The Netherlands’ victory portends a shifting influence in European soccer
Tiki Taka might not be dead but it no longer strikes fear in opponents. This is the team that lulled opponents with its short, constant passing and finding success by removing the furia from its nickname La Furia Roja. Spain’s aura of invincibility was shattered after a 5–1 loss to the Netherlands. That doesn’t mean you should count the defending champs out of the World Cup—they lost their opening match in the 2010 tournament, too—but it does mean the Spaniards will be finished if they fail to defeat Chile in their next match.
As for the Dutch, we might not be seeing a remake of the Clockwork Orange Dutch teams, but whatever this modern version is, Louis van Gaal so far has it functioning in a high gear. The soon-to-be Manchester United manager appeared to be opting for caution with a 5–3–2 alignment, though he has said the formation would morph into a 3–5–2 when the Dutch attack.
Spain seemed to be in control for most of the first half. Then Daley Blind started launching himself down the left wing, lining up crosses for Arjen Robben and Robin van Persie. The 3–5–2 did indeed begin to look like an attacking formation. Spain right back César Azpilicueta was nowhere to be found, and Gerard Pique and Sergio Ramos started getting pulled out and turned around. Spain could not keep possession and the lack of recovery speed of its defenders and midfielders was revealed.
Coach Vicente del Bosque could have learned a lesson from Italy’s attempt to defend its World Cup title last time around: better to rejuvenate the team a little too early than wait until it is a little too late. Not that the Spain defenders are ancient. But Pique was never fleet, and Sergio Ramos has clearly lost a step, losing a footrace to Arjen Robben on the Netherlands’ fifth goal. Xavi is past his prime, only occasionally showing the inspiration of his old self. Xabi Alonso seems below par. Del Bosque is not one to make radical changes. But he might seriously consider getting Juanfran, Koke, or Javi Martinez on the field. And fast.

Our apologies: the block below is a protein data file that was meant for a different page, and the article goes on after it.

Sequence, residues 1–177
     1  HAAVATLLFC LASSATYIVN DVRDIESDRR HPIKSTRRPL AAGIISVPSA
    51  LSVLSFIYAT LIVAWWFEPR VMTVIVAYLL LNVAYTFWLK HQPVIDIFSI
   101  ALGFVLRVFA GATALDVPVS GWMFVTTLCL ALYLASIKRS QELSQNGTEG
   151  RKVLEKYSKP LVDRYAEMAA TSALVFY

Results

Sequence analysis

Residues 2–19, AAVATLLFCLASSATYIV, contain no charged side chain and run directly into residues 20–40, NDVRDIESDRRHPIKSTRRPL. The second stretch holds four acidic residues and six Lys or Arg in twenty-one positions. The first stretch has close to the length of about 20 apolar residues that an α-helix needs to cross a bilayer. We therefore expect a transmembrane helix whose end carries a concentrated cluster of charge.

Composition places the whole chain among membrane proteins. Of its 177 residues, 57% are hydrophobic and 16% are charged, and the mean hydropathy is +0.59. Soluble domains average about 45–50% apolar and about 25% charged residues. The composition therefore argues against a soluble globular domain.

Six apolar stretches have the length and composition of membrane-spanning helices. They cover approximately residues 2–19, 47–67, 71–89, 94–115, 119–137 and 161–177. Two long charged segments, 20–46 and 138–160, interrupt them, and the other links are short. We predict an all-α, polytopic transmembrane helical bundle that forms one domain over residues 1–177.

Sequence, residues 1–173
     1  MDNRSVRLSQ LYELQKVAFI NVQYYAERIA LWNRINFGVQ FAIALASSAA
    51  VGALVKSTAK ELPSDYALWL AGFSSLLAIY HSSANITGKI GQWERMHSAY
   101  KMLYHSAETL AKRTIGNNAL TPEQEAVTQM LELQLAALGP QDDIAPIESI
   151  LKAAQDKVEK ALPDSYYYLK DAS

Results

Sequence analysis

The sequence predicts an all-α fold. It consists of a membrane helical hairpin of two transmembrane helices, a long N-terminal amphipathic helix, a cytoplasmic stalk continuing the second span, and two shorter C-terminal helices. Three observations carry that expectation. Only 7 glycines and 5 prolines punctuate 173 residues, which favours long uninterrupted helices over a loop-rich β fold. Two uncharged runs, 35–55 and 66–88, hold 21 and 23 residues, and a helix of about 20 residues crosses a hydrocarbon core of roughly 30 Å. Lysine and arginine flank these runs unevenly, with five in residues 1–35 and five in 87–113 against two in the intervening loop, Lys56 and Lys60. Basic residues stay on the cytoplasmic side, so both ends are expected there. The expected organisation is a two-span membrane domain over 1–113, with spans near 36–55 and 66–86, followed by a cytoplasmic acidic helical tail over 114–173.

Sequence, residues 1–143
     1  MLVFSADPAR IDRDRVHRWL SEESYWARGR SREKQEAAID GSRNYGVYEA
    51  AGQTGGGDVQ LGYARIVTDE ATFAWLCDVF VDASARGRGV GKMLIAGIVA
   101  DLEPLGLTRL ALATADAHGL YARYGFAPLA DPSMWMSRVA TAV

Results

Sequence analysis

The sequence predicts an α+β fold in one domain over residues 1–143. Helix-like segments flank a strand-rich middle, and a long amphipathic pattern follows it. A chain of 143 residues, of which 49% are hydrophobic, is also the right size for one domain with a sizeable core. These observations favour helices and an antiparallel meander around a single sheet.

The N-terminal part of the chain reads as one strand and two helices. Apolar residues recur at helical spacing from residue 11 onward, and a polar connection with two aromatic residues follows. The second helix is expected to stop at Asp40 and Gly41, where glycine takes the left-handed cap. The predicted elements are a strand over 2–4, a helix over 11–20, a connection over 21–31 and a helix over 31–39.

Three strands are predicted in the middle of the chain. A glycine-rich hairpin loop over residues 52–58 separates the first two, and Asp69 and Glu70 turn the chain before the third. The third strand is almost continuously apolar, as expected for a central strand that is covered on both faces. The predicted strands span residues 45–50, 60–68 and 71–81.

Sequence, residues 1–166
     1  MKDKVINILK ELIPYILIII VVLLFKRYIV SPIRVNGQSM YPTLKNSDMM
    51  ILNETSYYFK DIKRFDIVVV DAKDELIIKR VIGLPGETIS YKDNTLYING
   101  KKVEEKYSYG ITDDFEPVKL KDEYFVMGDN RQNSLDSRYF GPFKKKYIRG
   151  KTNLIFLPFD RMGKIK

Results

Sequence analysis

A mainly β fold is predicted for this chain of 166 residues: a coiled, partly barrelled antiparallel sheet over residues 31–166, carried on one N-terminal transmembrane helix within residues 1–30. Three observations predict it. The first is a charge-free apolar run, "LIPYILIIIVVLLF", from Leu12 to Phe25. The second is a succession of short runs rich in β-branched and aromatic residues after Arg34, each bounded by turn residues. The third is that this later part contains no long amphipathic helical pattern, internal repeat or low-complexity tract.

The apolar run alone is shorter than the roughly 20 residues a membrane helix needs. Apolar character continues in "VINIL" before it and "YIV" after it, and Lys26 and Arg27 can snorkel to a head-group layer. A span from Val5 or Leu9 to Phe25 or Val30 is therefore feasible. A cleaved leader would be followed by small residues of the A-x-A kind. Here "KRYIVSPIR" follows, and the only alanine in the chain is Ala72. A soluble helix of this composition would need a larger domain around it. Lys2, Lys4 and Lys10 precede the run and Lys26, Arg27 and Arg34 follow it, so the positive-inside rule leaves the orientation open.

The Dutch lost their way under previous manager Marco van Basten, becoming thuggish in 2006, then famously losing it in the 2010 final. Van Gaal revamped the Dutch team. Only four starters from the team that lost the 2010 final played in Friday’s match. Though this was a young group, they remained composed after surrendering the opening goal. But they also retained a hard edge, winning physical battles with Spain. Nigel de Jong, having matured in a season with Milan, delivered a forearm shiver to Sergio Busquets, but later he also played peacemaker.
The Netherlands is now in position to avoid Brazil in the second round. They might not even need to pile up goals against Australia next Wednesday to finish first in Group B.
Spain may be following a trend that began when defending champion France went out in the first round in 2002, as did the Italians in 2010. Defending champion Brazil got out of group play in 2006 but then barely beat Ghana in the following round and fell to France in the quarterfinals.
The greatest concern for Vicente del Bosque, however, is to reestablish the team’s identity, and it isn’t too late. Spain has not lost in 10 meetings with Chile, and the South Americans did look vulnerable even as they beat Australia 3–1. Now La Roja will need to recall some of the furia of its past.